The sun's out! Here's our favourite refreshing Swedish drink.

Sweden’s Greens tumble towards open trapdoor
Åsa Romson has had a tough few weeks. Photo: Maja Muslin/TT

A crisis in confidence in Sweden’s Greens has put the junior coalition partner in freefall, a new poll shows.

Swedish city ‘receiving more tips about extremists’
Rosengård in Malmö is a troubled suburb with a reputation for crime and ethnic segregation. Photo: TT

More names of alleged extremist recruiters.

Sponsored Article
The Inner Circle: Stockholm's secret dating scene
National
Can these cartoon Swedes help foreigners blend in?
Sponsored Article
Eat, learn, live: unforgettable holidays in France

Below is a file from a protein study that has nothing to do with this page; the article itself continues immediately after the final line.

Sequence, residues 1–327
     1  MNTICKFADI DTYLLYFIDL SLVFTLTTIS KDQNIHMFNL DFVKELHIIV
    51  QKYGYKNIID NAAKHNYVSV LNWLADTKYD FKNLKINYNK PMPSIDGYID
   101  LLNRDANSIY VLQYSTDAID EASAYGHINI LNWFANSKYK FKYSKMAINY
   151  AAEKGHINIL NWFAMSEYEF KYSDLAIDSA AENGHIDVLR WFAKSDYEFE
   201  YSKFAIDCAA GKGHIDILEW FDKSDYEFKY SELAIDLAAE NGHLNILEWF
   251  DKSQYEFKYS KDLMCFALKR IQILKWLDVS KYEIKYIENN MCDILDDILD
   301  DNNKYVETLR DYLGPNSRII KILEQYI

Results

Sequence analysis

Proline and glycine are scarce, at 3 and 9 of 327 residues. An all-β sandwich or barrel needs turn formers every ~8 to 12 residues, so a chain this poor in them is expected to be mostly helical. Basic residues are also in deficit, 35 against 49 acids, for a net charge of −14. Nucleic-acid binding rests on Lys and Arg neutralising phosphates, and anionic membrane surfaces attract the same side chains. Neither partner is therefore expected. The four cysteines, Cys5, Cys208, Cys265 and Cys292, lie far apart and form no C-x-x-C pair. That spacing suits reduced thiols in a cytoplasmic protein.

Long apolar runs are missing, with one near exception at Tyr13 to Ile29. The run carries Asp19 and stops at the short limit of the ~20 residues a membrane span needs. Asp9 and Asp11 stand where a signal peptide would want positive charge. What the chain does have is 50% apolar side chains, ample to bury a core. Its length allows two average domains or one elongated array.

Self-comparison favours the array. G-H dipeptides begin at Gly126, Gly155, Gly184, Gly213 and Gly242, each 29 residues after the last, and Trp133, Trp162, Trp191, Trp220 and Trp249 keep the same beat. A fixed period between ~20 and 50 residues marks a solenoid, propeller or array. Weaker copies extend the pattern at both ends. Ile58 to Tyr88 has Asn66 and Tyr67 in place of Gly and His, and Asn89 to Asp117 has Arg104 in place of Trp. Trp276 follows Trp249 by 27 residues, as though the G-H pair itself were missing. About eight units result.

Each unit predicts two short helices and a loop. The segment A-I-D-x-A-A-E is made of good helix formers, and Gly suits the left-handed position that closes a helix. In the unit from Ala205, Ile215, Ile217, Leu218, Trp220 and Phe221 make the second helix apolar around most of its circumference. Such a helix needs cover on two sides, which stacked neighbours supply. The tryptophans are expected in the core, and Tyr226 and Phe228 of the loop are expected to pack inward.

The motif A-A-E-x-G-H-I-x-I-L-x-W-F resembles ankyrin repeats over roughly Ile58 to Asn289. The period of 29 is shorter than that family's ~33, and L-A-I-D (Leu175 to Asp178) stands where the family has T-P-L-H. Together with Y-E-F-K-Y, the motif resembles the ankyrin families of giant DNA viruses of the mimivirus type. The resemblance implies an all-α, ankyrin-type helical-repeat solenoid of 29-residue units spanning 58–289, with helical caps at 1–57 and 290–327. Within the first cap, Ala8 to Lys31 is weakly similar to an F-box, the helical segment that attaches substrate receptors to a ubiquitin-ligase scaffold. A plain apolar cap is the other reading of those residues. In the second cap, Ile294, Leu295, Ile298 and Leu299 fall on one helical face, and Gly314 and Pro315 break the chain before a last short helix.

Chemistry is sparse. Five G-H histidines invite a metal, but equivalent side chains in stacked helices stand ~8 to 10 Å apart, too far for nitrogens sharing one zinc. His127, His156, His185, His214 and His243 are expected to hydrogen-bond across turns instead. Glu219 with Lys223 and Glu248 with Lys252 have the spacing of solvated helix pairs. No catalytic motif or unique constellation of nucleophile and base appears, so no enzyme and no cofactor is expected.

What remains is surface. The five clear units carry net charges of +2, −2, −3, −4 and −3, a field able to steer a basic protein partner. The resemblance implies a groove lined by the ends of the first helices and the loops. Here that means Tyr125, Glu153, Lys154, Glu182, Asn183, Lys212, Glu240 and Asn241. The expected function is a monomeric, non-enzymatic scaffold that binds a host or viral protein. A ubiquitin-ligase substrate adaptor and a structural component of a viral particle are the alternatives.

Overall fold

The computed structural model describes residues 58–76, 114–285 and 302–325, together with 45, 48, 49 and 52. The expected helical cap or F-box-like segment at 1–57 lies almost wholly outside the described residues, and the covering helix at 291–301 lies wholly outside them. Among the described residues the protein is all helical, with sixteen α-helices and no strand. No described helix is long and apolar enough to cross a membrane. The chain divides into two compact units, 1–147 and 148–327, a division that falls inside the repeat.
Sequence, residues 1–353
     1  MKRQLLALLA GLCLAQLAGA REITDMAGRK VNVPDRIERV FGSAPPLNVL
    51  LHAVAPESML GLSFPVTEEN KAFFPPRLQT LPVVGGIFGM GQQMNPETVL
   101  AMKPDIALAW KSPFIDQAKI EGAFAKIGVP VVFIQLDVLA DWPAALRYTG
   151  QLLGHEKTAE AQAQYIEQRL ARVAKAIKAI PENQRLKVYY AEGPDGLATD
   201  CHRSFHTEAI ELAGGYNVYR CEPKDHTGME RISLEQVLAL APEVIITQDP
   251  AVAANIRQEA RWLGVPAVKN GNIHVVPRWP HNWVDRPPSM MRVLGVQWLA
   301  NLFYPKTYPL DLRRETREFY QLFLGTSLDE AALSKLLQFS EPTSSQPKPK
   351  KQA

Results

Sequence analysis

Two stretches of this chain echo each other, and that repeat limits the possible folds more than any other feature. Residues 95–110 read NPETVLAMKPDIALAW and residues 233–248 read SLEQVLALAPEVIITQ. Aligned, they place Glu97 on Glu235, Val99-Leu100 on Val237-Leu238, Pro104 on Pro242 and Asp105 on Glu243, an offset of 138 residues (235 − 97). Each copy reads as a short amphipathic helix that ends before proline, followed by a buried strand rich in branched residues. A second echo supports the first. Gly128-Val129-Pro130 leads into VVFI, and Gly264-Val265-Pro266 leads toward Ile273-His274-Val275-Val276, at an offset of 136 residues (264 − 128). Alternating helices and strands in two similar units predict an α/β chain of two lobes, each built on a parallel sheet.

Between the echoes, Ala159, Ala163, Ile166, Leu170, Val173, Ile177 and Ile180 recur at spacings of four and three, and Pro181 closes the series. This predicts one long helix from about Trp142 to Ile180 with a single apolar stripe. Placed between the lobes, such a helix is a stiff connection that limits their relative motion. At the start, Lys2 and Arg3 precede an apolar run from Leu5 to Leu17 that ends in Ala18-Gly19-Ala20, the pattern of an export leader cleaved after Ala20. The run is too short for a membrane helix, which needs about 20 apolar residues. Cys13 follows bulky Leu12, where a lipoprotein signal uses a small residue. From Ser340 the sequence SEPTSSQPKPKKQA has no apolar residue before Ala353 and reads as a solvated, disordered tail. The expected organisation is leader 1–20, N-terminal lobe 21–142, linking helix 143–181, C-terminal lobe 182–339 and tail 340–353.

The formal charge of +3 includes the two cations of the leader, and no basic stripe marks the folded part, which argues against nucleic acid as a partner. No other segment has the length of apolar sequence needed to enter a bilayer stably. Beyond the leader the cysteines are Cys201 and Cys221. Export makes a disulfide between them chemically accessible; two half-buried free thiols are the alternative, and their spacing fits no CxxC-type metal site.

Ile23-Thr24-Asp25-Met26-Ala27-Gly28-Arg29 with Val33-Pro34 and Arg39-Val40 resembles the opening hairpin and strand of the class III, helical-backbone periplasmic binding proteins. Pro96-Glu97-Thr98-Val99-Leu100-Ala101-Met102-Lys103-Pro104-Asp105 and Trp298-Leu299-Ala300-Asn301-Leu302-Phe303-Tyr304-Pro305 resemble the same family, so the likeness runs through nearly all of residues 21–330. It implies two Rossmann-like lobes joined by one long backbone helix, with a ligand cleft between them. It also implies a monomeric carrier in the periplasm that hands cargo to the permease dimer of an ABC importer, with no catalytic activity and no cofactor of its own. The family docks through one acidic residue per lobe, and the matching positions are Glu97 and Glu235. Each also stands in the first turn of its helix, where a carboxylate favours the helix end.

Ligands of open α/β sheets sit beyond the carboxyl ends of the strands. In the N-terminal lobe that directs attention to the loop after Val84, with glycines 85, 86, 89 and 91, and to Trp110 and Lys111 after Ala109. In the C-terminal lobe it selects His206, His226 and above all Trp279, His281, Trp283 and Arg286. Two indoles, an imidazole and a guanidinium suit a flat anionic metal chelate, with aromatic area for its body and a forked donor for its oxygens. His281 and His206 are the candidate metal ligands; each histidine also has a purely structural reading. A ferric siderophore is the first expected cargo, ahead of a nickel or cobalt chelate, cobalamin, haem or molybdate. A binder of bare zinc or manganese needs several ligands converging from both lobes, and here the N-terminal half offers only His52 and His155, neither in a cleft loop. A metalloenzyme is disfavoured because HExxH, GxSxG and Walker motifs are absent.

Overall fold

National
Why this fearless woman is the talk of Sweden
International
Eurovision heads to the US (kind of)
Blog updates

5 May

Something to reflect on (The Swedish Teacher) »

"Reflexive verbs and reflexive pronouns In Swedish, and many other languages we find reflexive verbs and…" READ »

 

29 April

Editor’s blog, April 29th (The Local Sweden) »

"Hello readers, Relations between Sweden and Russia went from slightly strained to full-on James Bond this…" READ »

 
 
 
Sponsored Article
Kista: The best office space in Sweden?
National
Sweden set for sunny weekend
Sponsored Article
'Swedes must realize only soft power can defeat radicalism'
Fastighetsbyrån
Gallery
Property of the week: Vollsjö, Sjöbo
Features
How to be a cool Swede during a hot summer
Gallery
People-watching: April 29th - May 1st
Sponsored Article
How to launch your international career
Analysis & Opinion
Why Sweden's fretting about Brexit
Sponsored Article
Becoming an expat: where to start